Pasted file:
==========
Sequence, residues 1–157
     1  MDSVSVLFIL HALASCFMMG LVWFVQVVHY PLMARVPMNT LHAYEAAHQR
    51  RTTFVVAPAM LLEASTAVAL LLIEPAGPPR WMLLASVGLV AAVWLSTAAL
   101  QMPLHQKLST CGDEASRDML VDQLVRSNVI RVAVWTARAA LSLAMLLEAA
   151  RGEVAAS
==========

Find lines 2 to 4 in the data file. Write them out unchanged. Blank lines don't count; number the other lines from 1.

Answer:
     1  MDSVSVLFIL HALASCFMMG LVWFVQVVHY PLMARVPMNT LHAYEAAHQR
    51  RTTFVVAPAM LLEASTAVAL LLIEPAGPPR WMLLASVGLV AAVWLSTAAL
   101  QMPLHQKLST CGDEASRDML VDQLVRSNVI RVAVWTARAA LSLAMLLEAA